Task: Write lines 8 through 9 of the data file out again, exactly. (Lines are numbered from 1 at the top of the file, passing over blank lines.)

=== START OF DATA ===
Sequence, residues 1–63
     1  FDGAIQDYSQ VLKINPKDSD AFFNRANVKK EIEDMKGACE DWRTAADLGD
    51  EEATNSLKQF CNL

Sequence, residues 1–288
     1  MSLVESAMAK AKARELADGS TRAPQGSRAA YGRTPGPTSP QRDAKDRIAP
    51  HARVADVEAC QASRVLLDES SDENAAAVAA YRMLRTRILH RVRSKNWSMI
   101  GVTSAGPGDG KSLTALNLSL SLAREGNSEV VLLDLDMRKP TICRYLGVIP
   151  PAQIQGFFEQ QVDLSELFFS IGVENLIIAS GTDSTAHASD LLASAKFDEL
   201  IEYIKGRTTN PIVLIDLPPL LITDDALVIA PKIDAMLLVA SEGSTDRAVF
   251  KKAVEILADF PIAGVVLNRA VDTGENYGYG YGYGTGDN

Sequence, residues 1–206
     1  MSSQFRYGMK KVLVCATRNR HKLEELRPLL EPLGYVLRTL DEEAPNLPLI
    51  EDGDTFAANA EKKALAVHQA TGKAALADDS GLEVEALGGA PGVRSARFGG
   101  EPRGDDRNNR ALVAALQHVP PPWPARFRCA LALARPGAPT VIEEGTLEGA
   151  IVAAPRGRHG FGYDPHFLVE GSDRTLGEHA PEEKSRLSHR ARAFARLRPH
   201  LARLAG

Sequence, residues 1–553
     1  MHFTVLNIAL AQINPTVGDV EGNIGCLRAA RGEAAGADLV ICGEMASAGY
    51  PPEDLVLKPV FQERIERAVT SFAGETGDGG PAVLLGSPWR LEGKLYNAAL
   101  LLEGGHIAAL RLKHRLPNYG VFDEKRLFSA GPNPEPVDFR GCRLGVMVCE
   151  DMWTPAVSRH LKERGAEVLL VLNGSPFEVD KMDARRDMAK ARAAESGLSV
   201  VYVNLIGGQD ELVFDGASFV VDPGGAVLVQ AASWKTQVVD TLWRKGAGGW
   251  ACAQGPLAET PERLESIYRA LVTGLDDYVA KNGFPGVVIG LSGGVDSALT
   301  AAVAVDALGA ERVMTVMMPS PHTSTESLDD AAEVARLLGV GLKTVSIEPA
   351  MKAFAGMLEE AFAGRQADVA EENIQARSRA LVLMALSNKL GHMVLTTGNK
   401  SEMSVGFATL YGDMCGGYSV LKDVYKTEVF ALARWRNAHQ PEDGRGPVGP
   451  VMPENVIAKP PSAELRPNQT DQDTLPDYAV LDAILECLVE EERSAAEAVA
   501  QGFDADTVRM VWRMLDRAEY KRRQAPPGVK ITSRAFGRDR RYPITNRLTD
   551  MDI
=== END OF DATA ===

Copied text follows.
   151  PAQIQGFFEQ QVDLSELFFS IGVENLIIAS GTDSTAHASD LLASAKFDEL
   201  IEYIKGRTTN PIVLIDLPPL LITDDALVIA PKIDAMLLVA SEGSTDRAVF